This is another one of those little terms that pops up ever so often in Montessori, and it has become shorthand among guides and practitioners. Although the phrase most often comes up in relation to vocabulary work, it does not refer to any particular lesson or material, but rather to the way we present lessons. With experience, it becomes an ingrained style of teaching for Montessori guides, something we do practically without conscious thought.
In essence, the three-period lesson refers to the three basic steps of offering new information. The beauty of its simplicity means that it is endlessly flexible and adaptable; it may even seem too obvious to even bother talking about. However, it is useful to give it a name and formalize the steps to ensure we won’t get ahead of ourselves in the teaching process – so that the child is provided with the best possible conditions to learn.
The three-period lesson is not necessarily exclusive to Montessori and can be applied with adults just as well as with children; good teachers use it all the time and chances are you have used it too, only without knowing it as such. Its periods are as follows:
So what does this look like? Let’s consider three very different examples.
A guide presenting language objects to a toddler will show them the items one at a time, handing them over or laying them on the table, and name each: “Dog.” “Cat.” (she will definitely not say “Oh, this is a pussy cat, and here we have a fuzzy little dog, a terrier I believe”). That was introduction. For recognition and association, she might involve the child in a little game of sorts: “Dog, please? Can I have the dog? Now, hand me the cat, please”; she might even just ask the child to clean up the objects one at a time. Finally, for verification, she can ask: “What is this? What is the name of this?” But, with a young child, that direct question may not come for weeks or months later, as it can easily be too much pressure for a an emerging speaker. She will ask only after the child had already repeated that word after her, proving that they are able and willing to say it out loud.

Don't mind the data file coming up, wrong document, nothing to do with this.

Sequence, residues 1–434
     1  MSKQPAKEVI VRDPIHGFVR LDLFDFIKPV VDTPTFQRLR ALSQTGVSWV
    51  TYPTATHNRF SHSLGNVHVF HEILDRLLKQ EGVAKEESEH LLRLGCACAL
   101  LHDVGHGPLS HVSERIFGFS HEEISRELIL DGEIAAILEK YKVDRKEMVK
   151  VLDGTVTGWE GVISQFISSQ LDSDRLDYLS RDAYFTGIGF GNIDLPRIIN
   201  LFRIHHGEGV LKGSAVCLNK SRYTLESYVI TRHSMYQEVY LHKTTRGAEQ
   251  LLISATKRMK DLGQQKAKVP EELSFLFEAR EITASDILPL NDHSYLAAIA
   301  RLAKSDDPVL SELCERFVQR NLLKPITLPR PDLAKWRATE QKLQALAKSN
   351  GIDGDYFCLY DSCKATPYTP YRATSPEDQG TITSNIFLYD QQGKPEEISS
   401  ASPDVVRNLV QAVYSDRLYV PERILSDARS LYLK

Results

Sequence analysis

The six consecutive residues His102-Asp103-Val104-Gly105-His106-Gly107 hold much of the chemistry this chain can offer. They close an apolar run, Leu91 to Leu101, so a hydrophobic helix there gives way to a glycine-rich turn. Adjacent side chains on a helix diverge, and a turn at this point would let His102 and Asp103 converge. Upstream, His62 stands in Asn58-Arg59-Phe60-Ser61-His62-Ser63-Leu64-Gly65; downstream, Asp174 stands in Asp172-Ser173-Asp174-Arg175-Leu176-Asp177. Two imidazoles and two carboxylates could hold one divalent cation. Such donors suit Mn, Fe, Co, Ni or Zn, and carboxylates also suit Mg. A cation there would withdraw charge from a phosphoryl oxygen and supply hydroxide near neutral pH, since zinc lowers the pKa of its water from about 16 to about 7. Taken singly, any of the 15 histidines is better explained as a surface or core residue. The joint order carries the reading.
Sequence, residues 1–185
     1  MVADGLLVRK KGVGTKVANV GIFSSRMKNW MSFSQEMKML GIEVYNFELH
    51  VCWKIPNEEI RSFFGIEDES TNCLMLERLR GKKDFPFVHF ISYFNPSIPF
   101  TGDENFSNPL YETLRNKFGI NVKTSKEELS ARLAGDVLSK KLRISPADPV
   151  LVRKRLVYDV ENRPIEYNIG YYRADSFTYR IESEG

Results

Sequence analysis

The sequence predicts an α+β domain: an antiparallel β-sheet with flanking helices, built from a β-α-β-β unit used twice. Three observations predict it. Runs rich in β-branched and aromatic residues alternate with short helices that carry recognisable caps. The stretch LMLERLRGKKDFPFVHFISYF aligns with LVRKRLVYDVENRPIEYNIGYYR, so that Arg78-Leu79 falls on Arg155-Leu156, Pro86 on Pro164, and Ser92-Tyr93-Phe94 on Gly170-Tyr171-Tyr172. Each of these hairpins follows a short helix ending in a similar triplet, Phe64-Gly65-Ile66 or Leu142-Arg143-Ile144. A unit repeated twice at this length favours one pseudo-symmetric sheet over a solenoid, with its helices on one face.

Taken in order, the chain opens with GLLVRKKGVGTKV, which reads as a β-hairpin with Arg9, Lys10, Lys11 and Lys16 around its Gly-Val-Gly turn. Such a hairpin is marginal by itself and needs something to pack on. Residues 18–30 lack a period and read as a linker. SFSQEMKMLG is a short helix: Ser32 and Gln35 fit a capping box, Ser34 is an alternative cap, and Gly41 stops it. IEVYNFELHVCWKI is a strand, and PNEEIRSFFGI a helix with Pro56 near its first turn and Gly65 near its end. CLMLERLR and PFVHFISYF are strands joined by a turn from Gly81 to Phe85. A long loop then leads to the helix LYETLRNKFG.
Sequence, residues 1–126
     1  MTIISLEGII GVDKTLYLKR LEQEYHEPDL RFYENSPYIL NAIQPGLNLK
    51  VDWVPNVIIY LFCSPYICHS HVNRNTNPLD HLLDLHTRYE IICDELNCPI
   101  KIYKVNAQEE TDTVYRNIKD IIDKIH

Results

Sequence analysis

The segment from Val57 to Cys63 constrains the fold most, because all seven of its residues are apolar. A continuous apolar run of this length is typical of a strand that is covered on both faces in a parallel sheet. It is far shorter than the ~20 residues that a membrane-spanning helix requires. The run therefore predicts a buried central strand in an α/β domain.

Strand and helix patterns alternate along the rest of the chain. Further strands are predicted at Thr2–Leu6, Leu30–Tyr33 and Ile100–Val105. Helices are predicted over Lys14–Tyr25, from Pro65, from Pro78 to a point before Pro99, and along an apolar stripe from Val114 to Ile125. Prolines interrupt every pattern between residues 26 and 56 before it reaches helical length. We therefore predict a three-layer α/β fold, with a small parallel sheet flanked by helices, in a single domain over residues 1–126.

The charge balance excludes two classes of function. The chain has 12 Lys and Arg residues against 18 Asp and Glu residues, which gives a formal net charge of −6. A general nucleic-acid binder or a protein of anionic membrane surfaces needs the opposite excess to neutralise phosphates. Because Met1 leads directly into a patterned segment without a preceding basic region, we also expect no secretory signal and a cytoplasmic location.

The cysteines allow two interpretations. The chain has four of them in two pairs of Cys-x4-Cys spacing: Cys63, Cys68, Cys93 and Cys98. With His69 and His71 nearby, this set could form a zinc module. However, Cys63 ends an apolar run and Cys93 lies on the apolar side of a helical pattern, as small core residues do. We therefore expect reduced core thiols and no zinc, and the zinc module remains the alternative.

Meanwhile, in a Casa classroom, a four-year old will be shown the sandpaper letters. During introduction, the guide, sitting next to the child, carefully traces the shape of the letter with a fingertip; her movements are deliberate, slow, and clear. When done, she names the letter, and moves onto the other letters (usually this is done with a group of three). The child is asked to repeat the actions after her and they finish for now. In recognition and association, the child will work independently, taking the letters, tracing and naming them; if the teacher sees this is not going well, she will repeat the introduction. Finally, on another day, the teacher will sit down with the child and ask, “what is this letter?” and the child will trace and name it, verifying they are done with this set and ready to work with the next one.
In Elementary, the same overall principles apply, even as the work gains complexity and the child’s nature changes. As usual, the first step will be a rather brief presentation, in which the teacher introduces a topic, shows the students the material – this time, for example, the sentence analysis set – and demonstrates its use. The second step may be carried out independently or in a group as the students use the material to analyse prepared text samples. Likely they will spend time debating and arguing among themselves about the correct results, or perhaps come to ask the teacher to clarify and help them work through a tricky sentence. The third step of the lesson will most often come without the teacher’s direct involvement, too – as she observes her students explaining the work to a classmate or correctly applying the concept in their writing, proving that they have fully grasped it are ready for the next step in the language curriculum.
The important part is that when we organize our teaching into three-period lessons, we look for completion – instead of at the calendar. There is no set, prescribed amount of time that a child should practice place value before they are introduced to multiple digit addition – or a set amount of time that they should spend on mathematics, period; they work for as long as they need, and our lessons are structured so that we as teachers can observe what each child needs through their work.
This approach is endlessly adaptable and I hope you can already think of multiple ways to apply it outside of the classroom, too – whether as parents working with your children, among colleagues at work, or friends learning the ins and outs of a hobby from each other.